GSR RESPONDS TO IUCN DEEP SEABED MINING MORATORIUM VOTE

September 30, 2021

In September 2021, IUCN (International Union for the Conservation of Nature) voted to approve a motion calling for a moratorium on deep seabed mining at its annual Congress. We acknowledge the concerns expressed by those who proposed it and those who voted for it. The motion calls for several pre-conditions to be met before deep seabed mining proceeds. Here we summarise those pre-conditions and share our thoughts on each of them: 1. Rigorous and transparent impact assessments have been conducted, the environmental, social, cultural and economic risks of deep seabed mining are comprehensively understood, and the effective protection of the marine environment can be ensured GSR response: We agree with this pre-condition. The International Seabed Authority (ISA) process currently being developed ensures it will be met through its rigorous environmental, social and economic requirements: https://www.isa.org.jm/mining-code/draft-exploitation-regulations  The current draft exploitation regulations (Draft Regulations - DR) developed by the ISA foresee the submission of an Environmental Impact Statement (EIS) as part of the application for approval of a Plan of Work (DR 7(3)(d)). The EIS documents and reports the results of the environmental impact assessment process (DR 47). This process seeks to identify, predict, evaluate and mitigate the biophysical, social and other relevant effects of the proposed mining operation (DR 47(1)(a)). To ensure that it is a transparent environmental impact assessment, the applicant must describe the nature and extent of consultation(s) that have taken place with parties identified who have existing interests in the proposed project area and with other relevant stakeholders (Annex IV of the Draft Regulations (13)). The EIS includes an assessment of impacts on the physicochemical, biological and socioeconomic environment to ensure that environmental, social, cultural and economic risks of deep seabed mining are taken into account (Annex IV of the Draft Regulations). The EIS must be prepared in accordance with the Guidelines, Good Industry Practice, Best Available Scientific Evidence, Best Environmental Practices and Best Available Techniques (DR 47(3)(d)). 2. The precautionary principle, ecosystem approach, and the polluter pays principle have been implemented GSR response: The precautionary principle, ecosystem approach, and the polluter pays principle are part of the guiding principles of ISA’s Draft Regulations (DR 2(e)), which derive from article 145 of the LOSC (Law of the Sea Convention). According to these regulations, the effective protection of the marine environment from the harmful effects which may arise from exploitation must be based on the application of:
  • the precautionary approach, as reflected in principle 15 of the Rio Declaration on Environment and Development (DR 2(e)(ii)). This is also a guiding principle for the assessment and management of risk of harm to the marine environment from exploitation in the Area (DR 44(a));
  • an ecosystem approach (DR 2(e)(iii)); and
  • the “polluter pays” principle through market-based instruments, mechanisms and other relevant measures (DR 2(e)(iv)).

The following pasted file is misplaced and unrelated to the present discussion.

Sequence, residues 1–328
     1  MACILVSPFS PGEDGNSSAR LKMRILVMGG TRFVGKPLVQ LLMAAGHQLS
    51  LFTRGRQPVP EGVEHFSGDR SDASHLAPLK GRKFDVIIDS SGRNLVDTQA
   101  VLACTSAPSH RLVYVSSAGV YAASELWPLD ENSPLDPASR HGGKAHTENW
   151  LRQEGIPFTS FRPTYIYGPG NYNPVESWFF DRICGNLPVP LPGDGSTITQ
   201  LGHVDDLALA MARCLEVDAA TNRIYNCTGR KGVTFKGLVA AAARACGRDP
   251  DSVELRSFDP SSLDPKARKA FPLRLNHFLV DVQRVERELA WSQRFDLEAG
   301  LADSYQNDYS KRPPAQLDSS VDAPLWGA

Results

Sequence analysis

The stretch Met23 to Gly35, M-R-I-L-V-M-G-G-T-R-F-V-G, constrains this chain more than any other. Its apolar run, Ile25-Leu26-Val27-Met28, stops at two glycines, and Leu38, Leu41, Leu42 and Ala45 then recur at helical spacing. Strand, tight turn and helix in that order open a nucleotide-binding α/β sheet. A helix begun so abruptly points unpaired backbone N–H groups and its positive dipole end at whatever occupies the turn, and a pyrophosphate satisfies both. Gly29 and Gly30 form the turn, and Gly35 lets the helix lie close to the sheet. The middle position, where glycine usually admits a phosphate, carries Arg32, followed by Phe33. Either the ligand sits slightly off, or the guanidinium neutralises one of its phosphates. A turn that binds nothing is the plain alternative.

A contractor wishing to carry out mining in the Area must demonstrate compliance with these principles.    3. Policies to ensure the responsible production and use of metals, such as the reduction of demand for primary metals, a transformation to a resource-efficient circular economy, and responsible terrestrial mining practices, have been developed and implemented GSR response: The challenge that everyone faces is that there is simply not enough metal currently in circulation to meet the demands created by a growing global population, urbanisation and the ramp up of clean energy infrastructure.   The International Energy Agency’s (IEA) most recent analysis (May 2021 - https://www.iea.org/reports/the-role-of-critical-minerals-in-clean-energy-transitions/executive-summary) suggests that to reach the goals of the Paris Agreement, minerals supply for clean energy technologies will need to grow four-fold by 2040. To hit net-zero emissions globally by the middle of century, six times more mineral inputs will be required in 2040 compared with today. Mineral supply plans today are not ready to support accelerated energy transitions, says IEA. Metal requirements appear even more overwhelming when one considers IEA’s forecasts for specific minerals. To meet Paris goals, the lithium supply will need to expand 42-fold, graphite 25-fold, cobalt 21-fold, and nickel 19-fold. So, how do we meet this colossal metal demand while causing least harm to the planet want to protect?  Expanding recycling will play a part but according to the IEA will only contribute 10% to supply chains by 2040. That’s because of long in-use lifetimes (an offshore wind turbine is expected to last more than 30 years for example) and also because, in the past, we haven’t created products that are easily disassembled to allow easy recycling of their components.  Beyond recycling, strategies such as material substitution, product re-use and product re-design may be able to place a brake on society’s thirst for minerals, and future technological advances may also help to dampen demand.  However, the scale and pace of forecast demand is so high that significant new sources of metal will still be needed in the coming decades. In summary: We can – and should - work towards a circular economy.  To get there requires a transition period and large quantities of primary resource (new metal) will be required first. 4. Public consultation mechanisms have been incorporated into all decision-making processes related to deep-sea mining ensuring effective engagement allowing for independent review, and, where relevant, that the free, prior and informed consent of indigenous peoples is respected and consent from potentially affected communities is achieved GSR response: The ISA Draft Regulations require contractors to engage in public consultation and ensure effective public engagement – in alignment with what the IUCN motion calls for (DR 2(e)(vii)). Seven days after determining that an application for the approval of a Plan of Work is complete, the Secretary-General must place the environmental plans of such application on the ISA’s website for a period of sixty days and invite members of the ISA and Stakeholders to submit comments in writing (DR 11(1)(a)). Stakeholders can be any natural or legal person with an interest of any kind in, or who may be affected by, the proposed or existing exploitation activities under a Plan of Work in the Area, or who has relevant information or expertise (Schedule 1, Draft Regulations). The applicant must consider the comments and may revise the environmental plans or provide responses in reply to the comments and shall submit any revised plans or responses within a period of thirty days following the close of the comment period (DR 11(2)). Applications for the approval of a Plan of Work that have not been subject to the public consultation mechanism described above, are not considered by the Legal and Technical Commission of the ISA (DR 11(2)). 5. Promote the reform of the ISA to ensure transparent, accountable, inclusive, effective and environmentally responsible decision making and regulation. GSR response: We agree with transparent, accountable, inclusive, effective and environmentally responsible decision making and regulation.